Whoopi Goldberg isn’t sold on the story of Prince Harry and Meghan Markle being involved in what their spokesperson called a “near catastrophic car chase” after being targeted by paparazzi in New York this week.
On Thursday’s episode of “The View,” Goldberg expressed her doubts over the way in which the Tuesday incident was described by a spokesperson for the Duke and Duchess of Sussex.
“If it was possible to have car chases in New York, we’d all make it to the theater on time,” Goldberg quipped.
“I think their spokesperson referenced something you generally would reference in Los Angeles,” she said. “That’s where you have chases, that’s where you can move at high speeds.”
And though she acknowledged the couple “were dealing with aggressive paparazzi,” she nonetheless reiterated, “It just doesn’t work in New York.”
Watch Whoopi Goldberg discuss the car chase reports below.
After exiting New York’s Ziegfeld Ballroom at the conclusion of the event, the trio boarded an SUV that was subsequently chased by a barrage of photographers in “a dozen vehicles: cars, scooters and bicycles,” according to Chris Sanchez, a member of their security detail.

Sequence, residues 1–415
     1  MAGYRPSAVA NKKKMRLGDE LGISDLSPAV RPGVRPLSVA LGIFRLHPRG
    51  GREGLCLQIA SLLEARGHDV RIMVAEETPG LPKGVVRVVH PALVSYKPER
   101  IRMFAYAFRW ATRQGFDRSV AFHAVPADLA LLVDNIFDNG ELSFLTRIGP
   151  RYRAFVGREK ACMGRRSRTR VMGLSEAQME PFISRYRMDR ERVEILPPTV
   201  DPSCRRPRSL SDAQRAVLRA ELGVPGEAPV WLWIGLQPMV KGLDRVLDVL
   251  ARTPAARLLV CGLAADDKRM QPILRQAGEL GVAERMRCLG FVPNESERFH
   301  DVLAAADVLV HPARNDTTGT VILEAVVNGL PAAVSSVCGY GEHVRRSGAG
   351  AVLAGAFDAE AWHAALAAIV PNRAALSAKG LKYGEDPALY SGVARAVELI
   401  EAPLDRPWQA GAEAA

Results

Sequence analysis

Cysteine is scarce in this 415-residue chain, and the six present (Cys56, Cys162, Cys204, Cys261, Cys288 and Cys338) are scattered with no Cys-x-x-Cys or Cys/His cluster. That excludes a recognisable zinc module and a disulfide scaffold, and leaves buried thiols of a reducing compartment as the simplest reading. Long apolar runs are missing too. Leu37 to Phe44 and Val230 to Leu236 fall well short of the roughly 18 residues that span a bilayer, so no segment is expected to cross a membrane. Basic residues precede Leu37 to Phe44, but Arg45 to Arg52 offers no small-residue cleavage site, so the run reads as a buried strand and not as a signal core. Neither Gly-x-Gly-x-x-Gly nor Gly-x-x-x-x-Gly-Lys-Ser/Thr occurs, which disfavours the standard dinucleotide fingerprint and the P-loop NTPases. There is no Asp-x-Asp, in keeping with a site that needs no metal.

“The public were in jeopardy at several points,” Sanchez told CNN. “It could have been fatal. They were jumping curbs and red lights.”
A spokesperson for the couple said it was a “relentless pursuit, lasting over two hours.”
Though the New York Police Department confirmed that the couple had arrived safely at their destination, the news evoked the story of Harry’s mother, Princess Diana, who died in a 1997 car crash after her driver sped away from paparazzi in Paris.
Subsequent accounts of Tuesday’s incident, however, have been conflicting. On Wednesday, New York City Mayor Eric Adams slammed the paparazzi for being “reckless and irresponsible” in their approach but also appeared to cast doubt on the way the chase had been characterized.
“I would find it hard to believe there was a two-hour high-speed chase,” he said, according to People. “We have a lot of traffic, a lot of movement, a lot of people are using our streets.”
As for Goldberg, she suggested any discrepancies regarding the reality of the situation were the fault of the spokesperson for Harry and Meghan rather than the couple.
“I don’t think anybody realized that the verbiage that they were using was going to cause the kind of thing that it did,” she said Thursday. “When you use that kind of verbiage, know that your credibility is going to get cut in half, because the first thing that New Yorkers will say is: ‘Nobody moves that fast in New York City.’”